The news about the Wuhan coronavirus is bad and is getting worse. In terms of its potential for devastation, the current virus is in close competition with its 2003 cousin, the SARS coronavirus. China’s economy is far more essential to the global economy now than it was in 2003, giving new meaning to the old nostrum, when China sneezes, the world catches a cold. And this time the world’s capacity to catch that cold is far worse, in part due to the rise of social media.
Seventeen years ago, during the SARS scare, the world wasn’t hooked to social media. Today, we can expect digital viruses — the re-tweets, likeable posts, shareable memes — to rideshare with the coronavirus. Viral misinformation could worsen the global public health emergency. No doubt, social media can help as a powerful tool for public health messaging, educating and debunking myths. Unfortunately, the myth-makers tend to beat the educators and debunkers; according to a recent MIT study, false news is 70 per cent more likely to be retweeted than true stories, with truth travelling six times slower than falsehood.
But during this outbreak, the social media industry has performed better than it’s gotten credit for. But it can do more.
Rumours have gone into hyper-drive across platforms: they have stoked waves of Sinophobia and racism, blaming the outbreak on false claims that the Chinese have a regular habit of eating bats. The short-video sharing app, TikTok, has been particularly active, with numerous posts spreading misinformation. One misleading video was viewed 2.4 million times before it was removed and yet video duets — reactions to the original — lingered on, showing how difficult it is to kill digital falsehoods. Other posts baselessly claimed that the virus was created by the government for population control. The conspiracy group QAnon falsely claimed in a video that the virus’ creation was backed by Bill Gates.
Alarmist statistics have also been spreading — a tweet with over 140,000 “likes” predicted 65 million deaths, a debunked claim — along with false remedies, prophylactics and cures. Virality is assured when the misinformation jumps platforms.
The problem of containment gets worse when power users, such as politicians, give viral misinformation a boost. In the US, President Donald Trump helped amplify tweets from supporters of QAnon, the conspiracy group active in spreading coronavirus rumours.
Meanwhile, in China, doctors and frontline workers have been censored by authorities and some frontline reports were reportedly being taken down on WeChat. The Chinese state media even circulated a fake image of a building that it claimed was a hospital built in 16 hours.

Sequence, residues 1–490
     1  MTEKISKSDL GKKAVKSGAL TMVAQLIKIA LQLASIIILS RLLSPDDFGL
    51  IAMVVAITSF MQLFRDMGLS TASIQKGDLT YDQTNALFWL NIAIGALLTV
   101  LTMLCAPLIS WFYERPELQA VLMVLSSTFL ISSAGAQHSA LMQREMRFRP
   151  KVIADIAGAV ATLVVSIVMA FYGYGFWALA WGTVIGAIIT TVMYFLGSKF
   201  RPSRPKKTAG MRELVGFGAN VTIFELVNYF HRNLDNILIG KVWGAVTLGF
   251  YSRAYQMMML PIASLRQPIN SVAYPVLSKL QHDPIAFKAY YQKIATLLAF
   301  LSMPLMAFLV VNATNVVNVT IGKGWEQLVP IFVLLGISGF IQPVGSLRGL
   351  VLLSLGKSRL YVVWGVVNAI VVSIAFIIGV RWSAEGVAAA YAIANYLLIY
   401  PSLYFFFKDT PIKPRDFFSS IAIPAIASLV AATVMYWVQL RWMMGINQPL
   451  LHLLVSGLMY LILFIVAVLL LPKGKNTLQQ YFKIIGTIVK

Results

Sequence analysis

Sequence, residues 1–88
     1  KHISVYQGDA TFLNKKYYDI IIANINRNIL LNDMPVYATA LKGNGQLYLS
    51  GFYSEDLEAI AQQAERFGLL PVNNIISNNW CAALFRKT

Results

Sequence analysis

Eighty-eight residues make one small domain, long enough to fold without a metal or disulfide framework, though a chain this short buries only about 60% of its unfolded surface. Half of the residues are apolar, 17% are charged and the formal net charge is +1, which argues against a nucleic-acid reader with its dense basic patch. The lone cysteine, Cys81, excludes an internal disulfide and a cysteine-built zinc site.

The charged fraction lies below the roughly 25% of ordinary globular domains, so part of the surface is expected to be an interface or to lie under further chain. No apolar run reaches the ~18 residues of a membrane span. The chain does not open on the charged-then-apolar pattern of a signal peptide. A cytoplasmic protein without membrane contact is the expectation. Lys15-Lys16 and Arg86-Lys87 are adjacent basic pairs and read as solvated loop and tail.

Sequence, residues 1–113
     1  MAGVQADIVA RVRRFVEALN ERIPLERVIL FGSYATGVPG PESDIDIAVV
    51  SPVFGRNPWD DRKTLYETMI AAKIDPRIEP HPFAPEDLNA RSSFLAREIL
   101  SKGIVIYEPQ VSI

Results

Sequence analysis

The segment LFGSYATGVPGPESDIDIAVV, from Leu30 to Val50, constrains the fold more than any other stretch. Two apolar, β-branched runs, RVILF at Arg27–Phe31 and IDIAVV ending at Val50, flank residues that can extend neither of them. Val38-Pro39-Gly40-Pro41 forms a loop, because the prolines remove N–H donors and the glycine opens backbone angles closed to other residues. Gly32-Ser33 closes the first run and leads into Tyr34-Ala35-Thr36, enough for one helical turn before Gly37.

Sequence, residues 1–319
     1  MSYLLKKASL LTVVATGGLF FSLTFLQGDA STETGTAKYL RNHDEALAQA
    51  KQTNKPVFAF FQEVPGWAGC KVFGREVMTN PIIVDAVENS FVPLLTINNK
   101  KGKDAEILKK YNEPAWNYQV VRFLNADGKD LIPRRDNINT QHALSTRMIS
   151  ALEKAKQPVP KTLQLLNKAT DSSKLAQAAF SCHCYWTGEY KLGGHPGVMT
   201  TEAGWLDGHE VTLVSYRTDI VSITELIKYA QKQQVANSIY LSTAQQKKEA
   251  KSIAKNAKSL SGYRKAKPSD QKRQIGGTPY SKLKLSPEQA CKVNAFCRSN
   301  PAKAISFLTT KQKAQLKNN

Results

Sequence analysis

Despite my healthy respect for the scale of the disinformation problem, I have to say that the lamest responses have come from Twitter and Google. Twitter prompts users searching for coronavirus to first visit authoritative sources, such as the CDC. A corresponding search on Google-owned YouTube, reportedly, links to a New York Times article. Neither seems ready to just take down patently false content.
Fortunately, other platforms have been more proactive. TikTok has removed some coronavirus misinformation and WeChat claims to have done the same. (They may find this easier because they have a history of censorship.)
The biggest and most pleasant surprise is Facebook. Its past strategy favoured labelling content as misleading rather than removing it. This time, it is limiting the distribution of posts rated false by third-party fact-checkers and using the News Feed to steer users to authoritative sites. It is giving free advertising credits to organisations running coronavirus education campaigns and has added a resource page for spotting falsehoods. However, the biggest change at Facebook is its announcement that it would remove content and block or restrict hashtags on Instagram that spread coronavirus misinformation.
I would quote Facebook’s Head of Health: “We are doing this as an extension of our existing policies to remove content that could cause physical harm.”
This elevated “physical harm” standard is one that all other social media platforms, including Twitter and Google/YouTube, ought to adopt. Of course, this requires establishing reliable fact-checking partnerships. There are 195 fact-checking organisations; so, that isn’t impossible. YouTube has launched a limited fact-checking initiative, but urgently needs to expand it. Twitter needs to launch one.
Social media’s response to this virus could not only slow the speed of viral falsehood, but also slow the rate at which the public is losing trust in the industry.
© Bloomberg 2020